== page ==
In a settlement that is groundbreaking in every sense of it, ride-hailing giants Uber and Lyft have agreed to a historic settlement with the New York attorney general’s office, totalling an astounding $328 million. This landmark agreement serves as the culmination of an extensive investigation into wage theft that exposed systematic exploitation of drivers.
Uber will be paying a total of $290 million as part of the settlement, while Lyft will pay the remaining $38 million, to provide the settlement funds to over 100,000 current and former drivers in New York. These financial obligations come alongside the concessions and changes that both Uber and Lyft will have to make, such as paid sick leave and minimum hourly pay rates. This also represents the largest wage settlement ever secured by the New York attorney general’s office.
Letitia James, New York attorney general, led a comprehensive investigation into the practices of Uber and Lyft, unearthing years of wage theft aimed at drivers. This investigation, which spanned multiple years, revealed a troubling pattern of wage exploitation targeting drivers and depriving them of their rightful earnings and benefits. The investigation has brought to light a disturbing practice by both Uber and Lyft, where they systematically deducted sales taxes and Black Car Fund fees from drivers’ earnings for several years. Equally concerning was the misrepresentation of these deductions in the companies’ terms of service.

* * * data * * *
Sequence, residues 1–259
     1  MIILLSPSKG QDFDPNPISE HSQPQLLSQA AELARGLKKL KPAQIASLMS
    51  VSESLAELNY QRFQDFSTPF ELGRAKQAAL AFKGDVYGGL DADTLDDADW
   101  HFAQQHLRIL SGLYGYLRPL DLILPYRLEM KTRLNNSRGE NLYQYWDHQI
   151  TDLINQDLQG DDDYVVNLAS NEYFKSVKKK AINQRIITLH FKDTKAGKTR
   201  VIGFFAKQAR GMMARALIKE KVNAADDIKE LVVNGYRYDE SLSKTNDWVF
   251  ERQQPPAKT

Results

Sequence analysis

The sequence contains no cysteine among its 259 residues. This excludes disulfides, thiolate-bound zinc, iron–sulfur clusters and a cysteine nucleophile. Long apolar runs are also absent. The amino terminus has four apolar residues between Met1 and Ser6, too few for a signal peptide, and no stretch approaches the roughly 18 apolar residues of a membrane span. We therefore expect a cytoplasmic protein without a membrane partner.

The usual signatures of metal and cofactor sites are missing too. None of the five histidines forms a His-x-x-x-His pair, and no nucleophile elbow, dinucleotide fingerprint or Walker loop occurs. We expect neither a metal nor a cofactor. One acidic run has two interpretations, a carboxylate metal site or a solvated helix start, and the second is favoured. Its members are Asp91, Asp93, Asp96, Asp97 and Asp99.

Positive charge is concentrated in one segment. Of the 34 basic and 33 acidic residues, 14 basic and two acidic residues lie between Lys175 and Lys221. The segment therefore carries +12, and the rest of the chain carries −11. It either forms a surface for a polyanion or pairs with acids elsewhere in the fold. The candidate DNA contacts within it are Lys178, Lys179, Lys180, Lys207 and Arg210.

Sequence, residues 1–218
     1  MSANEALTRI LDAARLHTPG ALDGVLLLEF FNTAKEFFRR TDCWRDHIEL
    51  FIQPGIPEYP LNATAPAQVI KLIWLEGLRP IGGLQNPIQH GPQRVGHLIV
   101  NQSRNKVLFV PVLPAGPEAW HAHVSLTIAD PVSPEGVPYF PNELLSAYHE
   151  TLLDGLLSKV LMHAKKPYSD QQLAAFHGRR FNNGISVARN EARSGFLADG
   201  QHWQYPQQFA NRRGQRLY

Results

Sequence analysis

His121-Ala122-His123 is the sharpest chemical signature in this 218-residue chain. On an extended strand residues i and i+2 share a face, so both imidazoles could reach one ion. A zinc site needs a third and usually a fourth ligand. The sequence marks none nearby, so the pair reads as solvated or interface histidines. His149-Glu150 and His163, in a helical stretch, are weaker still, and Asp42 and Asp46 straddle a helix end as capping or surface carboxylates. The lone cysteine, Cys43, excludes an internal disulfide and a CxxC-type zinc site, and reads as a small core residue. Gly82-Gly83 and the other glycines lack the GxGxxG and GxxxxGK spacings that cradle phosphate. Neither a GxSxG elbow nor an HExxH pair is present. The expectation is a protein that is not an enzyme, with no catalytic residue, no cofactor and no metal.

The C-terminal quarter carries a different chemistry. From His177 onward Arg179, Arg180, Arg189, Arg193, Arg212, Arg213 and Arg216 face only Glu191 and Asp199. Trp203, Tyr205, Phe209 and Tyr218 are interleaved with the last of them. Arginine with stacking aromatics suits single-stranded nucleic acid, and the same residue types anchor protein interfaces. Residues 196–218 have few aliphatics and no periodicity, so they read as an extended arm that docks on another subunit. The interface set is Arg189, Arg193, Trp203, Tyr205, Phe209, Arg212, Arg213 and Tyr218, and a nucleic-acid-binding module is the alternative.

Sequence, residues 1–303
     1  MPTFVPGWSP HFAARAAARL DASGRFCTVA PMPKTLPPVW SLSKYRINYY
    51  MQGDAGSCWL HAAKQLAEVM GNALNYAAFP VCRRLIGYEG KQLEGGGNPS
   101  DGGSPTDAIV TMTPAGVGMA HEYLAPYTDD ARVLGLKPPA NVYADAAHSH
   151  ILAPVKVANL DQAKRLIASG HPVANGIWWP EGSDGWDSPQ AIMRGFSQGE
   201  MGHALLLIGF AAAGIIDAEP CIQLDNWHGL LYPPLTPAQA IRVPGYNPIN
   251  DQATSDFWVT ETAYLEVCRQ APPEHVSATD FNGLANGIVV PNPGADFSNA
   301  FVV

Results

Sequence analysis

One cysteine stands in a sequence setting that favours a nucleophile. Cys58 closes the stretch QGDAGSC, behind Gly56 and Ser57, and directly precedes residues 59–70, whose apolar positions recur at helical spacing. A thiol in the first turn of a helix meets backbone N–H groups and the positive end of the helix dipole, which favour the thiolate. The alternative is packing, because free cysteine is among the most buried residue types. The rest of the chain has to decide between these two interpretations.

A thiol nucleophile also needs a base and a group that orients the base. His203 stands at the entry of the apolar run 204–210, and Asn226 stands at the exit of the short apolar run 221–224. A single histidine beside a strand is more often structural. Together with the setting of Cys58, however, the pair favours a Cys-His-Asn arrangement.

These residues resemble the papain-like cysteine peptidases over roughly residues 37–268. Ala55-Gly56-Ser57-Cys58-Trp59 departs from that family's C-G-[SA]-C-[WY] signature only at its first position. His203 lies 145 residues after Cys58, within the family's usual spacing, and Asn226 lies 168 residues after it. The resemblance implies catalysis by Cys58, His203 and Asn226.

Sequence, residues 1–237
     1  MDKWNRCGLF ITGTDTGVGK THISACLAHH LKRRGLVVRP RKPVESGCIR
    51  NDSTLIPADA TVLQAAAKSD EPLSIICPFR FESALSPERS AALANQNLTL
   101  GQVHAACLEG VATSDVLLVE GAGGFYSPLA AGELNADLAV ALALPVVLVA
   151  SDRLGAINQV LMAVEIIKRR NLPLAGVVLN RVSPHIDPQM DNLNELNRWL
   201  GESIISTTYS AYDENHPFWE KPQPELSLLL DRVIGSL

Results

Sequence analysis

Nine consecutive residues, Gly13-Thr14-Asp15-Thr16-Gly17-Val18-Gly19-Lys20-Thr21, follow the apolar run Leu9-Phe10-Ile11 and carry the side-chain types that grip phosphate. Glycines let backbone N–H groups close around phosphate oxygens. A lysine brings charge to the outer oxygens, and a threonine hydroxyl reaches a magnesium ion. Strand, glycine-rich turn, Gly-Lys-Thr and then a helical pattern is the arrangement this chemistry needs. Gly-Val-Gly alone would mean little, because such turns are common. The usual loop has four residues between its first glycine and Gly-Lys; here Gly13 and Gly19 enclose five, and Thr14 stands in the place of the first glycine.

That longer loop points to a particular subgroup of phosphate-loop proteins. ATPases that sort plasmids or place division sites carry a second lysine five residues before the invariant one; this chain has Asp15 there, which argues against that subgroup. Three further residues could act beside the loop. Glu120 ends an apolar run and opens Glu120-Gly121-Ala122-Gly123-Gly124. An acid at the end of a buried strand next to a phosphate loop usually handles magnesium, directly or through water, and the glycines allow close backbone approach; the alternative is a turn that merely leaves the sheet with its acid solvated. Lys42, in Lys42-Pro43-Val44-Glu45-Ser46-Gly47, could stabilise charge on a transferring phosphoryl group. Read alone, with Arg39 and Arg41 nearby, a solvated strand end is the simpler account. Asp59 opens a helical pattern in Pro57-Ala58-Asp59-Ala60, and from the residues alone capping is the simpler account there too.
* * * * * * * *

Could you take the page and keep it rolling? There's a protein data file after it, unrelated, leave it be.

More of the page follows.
“Rideshare drivers work at all hours of the day and night to take people wherever they need to go,” James said. “For years, Uber and Lyft systematically cheated their drivers out of hundreds of millions of dollars in pay and benefits while they worked long hours in challenging conditions. These drivers overwhelmingly come from immigrant communities and rely on these jobs to provide for their families. These settlements will ensure they finally get what they have rightfully earned and are owed under the law. My office will continue to make sure that companies operating in the so-called ‘gig economy’ do not deprive workers of their rights or undermine the laws meant to protect them.”
Now, to ensure that drivers receive fair compensation, those operating outside of New York City will be entitled to a minimum earnings floor of $26 per hour. This rate will be subject to annual adjustments to account for inflation. It’s important to note that New York City drivers already operate under minimum pay regulations established by the Taxi & Limousine Commission. And for the first time, drivers will have access to paid sick leave. They will earn one hour of sick pay for every 30 hours worked, with a maximum cap of 56 hours per year. The rate of compensation for paid sick leave will mirror the minimum hourly rate of $26 for drivers outside New York City, and $17 per hour for drivers within the city, aligning with existing regulations.
Uber and Lyft have also been tasked with overhauling their apps to streamline the process of requesting sick leave and enhance support for queries related to compensation. Furthermore, drivers are to receive detailed earnings statements, outlining their compensation on a per-ride basis. This feature will enable drivers to understand precisely how much each rider paid for their trip. They will also having access to in-app chat support to inquiry about earnings in a variety of languages. Last but not the least, drivers can also appeal all decisions by Uber to deactivate a Driver’s access to the app.